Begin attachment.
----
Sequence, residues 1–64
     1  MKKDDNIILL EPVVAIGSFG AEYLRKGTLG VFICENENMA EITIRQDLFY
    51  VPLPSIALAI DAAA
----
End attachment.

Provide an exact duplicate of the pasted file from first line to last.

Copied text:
Sequence, residues 1–64
     1  MKKDDNIILL EPVVAIGSFG AEYLRKGTLG VFICENENMA EITIRQDLFY
    51  VPLPSIALAI DAAA